fter graduation, Stavros Piperis, BC ’19 was sure of one thing—he had a collection of music memorializing his college years, and he wanted to turn those into professional recordings. Even if the songs weren’t heard by anyone but him, he wanted to make sure he heard them in their best possible form. For most, a professional recording is a lofty goal—but some, like Piperis, have the determination to see it through.
Piperis was a prolific songwriter and performer during his time at BC. Throughout his college years, he wrote songs and played plenty of gigs, even winning BC’s Sing It to the Heights competition in 2018. During the 2018 Battle of the Bands and Singer Songwriter, he even played “I Remember,” a soft, John Mayer-esque song that appears on the album. After graduating last year, though, his days have been busy recording a collection of the songs he has written over the past couple years.
“Second semester senior year, I knew it was time to bring some of these songs to life,” Piperis said. “I had these songs and I was just dying to hear them with the full-studio treatment.”
Piperis headed back home to Omaha, Neb., with some big goals in mind—much bigger and riskier than the dreams of most 22-year-olds upon graduation. He spoke with a few friends, and they brought up a local studio where he could record an album. Interestingly enough, that studio was where he learned about a better opportunity at ARC Studios—a place known for producing top-flight records.
“I heard they drive down their rates for new artists, and I had no studio experience,” Piperis said. “I shot the producer a Facebook message, and once I pulled together enough money to pull it off, it came to life.”
Piperis credits a lot of the album’s smooth, clean sound to his producer at ARC—a man named Benjamin Brodin. He has been recording professionally for over a decade, and is the house engineer for ARC Studios. Brodin has appeared on many albums, including those by Jason Mraz and First Aid Kit. He walked Piperis through the entire recording process, which they began in late June. Brodin assisted with a little bit of everything, even helping Piperis out with the instrumentals throughout the album.
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hile Piperis did the vocals, guitar, and some piano, Brodin was able to fill in on all the other instruments used during the recording period, including percussion. Since all the songs were either written on the piano or guitar, Piperis and Brodin laid these two instruments down as a foundation.
“For most of the songs, I had a vision of what I wanted them to sound like,” Piperis said. “But I didn’t actually know until we got in there and started trying things out.”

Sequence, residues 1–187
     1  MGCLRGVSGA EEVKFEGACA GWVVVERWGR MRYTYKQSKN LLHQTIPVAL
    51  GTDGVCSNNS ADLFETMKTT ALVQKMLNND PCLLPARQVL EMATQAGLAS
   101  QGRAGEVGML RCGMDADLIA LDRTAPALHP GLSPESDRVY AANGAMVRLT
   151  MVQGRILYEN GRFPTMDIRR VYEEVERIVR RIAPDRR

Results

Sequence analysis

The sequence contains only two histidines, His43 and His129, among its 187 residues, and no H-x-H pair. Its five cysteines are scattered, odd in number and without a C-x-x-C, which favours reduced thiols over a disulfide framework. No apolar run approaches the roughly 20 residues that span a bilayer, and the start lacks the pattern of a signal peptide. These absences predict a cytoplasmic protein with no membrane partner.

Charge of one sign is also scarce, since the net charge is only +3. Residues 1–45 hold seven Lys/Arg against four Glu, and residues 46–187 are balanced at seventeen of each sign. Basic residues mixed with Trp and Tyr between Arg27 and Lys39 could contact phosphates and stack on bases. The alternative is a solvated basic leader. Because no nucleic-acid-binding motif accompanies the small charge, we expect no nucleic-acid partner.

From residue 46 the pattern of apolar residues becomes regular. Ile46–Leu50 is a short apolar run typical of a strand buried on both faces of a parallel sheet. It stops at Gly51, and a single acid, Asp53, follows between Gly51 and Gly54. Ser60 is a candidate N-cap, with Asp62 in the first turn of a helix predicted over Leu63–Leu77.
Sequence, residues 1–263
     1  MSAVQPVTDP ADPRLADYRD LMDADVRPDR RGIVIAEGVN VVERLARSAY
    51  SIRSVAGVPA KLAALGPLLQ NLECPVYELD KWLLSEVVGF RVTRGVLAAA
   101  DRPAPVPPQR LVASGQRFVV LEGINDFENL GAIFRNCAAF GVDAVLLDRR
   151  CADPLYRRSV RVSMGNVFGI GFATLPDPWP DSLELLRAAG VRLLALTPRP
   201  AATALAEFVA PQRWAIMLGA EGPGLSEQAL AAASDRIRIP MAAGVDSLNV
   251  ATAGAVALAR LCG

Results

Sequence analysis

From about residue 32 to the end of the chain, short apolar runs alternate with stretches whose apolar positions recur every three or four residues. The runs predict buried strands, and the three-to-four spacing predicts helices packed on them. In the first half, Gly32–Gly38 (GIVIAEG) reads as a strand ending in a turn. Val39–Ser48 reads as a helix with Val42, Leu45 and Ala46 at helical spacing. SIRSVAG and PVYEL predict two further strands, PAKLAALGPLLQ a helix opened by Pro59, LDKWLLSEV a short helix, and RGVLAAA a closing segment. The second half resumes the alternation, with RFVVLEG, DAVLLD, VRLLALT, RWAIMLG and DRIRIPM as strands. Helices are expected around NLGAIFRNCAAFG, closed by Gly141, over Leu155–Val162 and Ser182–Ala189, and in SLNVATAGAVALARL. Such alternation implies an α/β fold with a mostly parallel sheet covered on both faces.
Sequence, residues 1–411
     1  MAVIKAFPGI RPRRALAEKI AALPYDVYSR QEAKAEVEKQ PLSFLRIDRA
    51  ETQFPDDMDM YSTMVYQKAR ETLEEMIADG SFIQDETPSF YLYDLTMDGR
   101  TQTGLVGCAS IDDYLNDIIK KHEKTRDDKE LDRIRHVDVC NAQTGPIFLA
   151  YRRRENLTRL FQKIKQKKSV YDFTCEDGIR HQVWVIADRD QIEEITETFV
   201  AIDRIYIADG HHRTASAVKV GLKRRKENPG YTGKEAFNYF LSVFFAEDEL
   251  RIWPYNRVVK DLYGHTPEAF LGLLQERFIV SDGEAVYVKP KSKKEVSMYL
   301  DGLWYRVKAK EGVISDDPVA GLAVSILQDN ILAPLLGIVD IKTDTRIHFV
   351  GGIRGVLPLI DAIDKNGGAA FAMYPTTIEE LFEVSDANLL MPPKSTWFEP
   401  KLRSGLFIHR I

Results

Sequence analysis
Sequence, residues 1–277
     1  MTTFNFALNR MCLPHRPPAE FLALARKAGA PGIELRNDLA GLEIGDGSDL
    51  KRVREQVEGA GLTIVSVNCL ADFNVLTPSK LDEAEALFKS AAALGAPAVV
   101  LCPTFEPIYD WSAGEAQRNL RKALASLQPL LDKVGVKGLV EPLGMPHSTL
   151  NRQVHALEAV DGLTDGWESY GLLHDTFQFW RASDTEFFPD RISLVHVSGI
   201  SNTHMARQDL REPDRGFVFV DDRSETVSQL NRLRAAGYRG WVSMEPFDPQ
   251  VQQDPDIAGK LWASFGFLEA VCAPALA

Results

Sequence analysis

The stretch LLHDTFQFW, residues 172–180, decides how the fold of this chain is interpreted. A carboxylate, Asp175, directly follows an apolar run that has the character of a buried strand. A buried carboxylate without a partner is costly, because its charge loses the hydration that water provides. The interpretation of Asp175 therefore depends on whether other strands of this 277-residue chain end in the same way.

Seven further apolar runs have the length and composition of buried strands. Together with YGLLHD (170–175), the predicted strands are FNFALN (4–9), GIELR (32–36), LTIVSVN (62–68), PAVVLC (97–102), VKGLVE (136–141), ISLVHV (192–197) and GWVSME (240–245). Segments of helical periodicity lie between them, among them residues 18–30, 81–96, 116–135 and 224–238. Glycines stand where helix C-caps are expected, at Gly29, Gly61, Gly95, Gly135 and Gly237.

They started out recording the piano or guitar, then moved to vocals. Once they had that done, the duo was able to dive in to additional aspects like percussion. And since Piperis has never been a drummer, he had to place a lot of trust in Brodin.
“Drums and percussion were the trickiest … We had rhythm guitar or piano, but drums are such an influence on the character of the song,” Piperis said. “Drums are really the heartbeat of the piece.”
While some songs had a clear path for percussion, others were difficult to determine. For those songs that they didn’t necessarily know how to add drums, Brodin recorded five or six different drum beats so that when they arrived at the mixing stage of the recording process, they had options.
Thankfully, Brodin understood Piperis’ visions pretty well.
“He had good intuition, he caught on to what I thought felt right for that song,” Piperis said.
The album itself, which currently has the working title Chances, was not originally meant to be one collection. When Piperis started writing songs, he couldn’t have possibly known he would one day be putting them into a single album, let alone professionally recording them. Although the album’s songs span from his sophomore year of college to this past June, he says there are definitely themes that run throughout.
“I didn’t write them for the same record but they work together as a single record,” Piperis said. “These 10 match really well.”
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iperis was detail-oriented enough to put a lot of thought into what songs flowed best together. The track order is fully intentional, and he had to make hard decisions regarding what songs fit with the overall feel of the record.
“There were songs I had written that didn’t quite match what this album is about thematically, even though they were good enough to record and release” he said. “There were just differences in intensity, tempo, outlook, and lyrics.”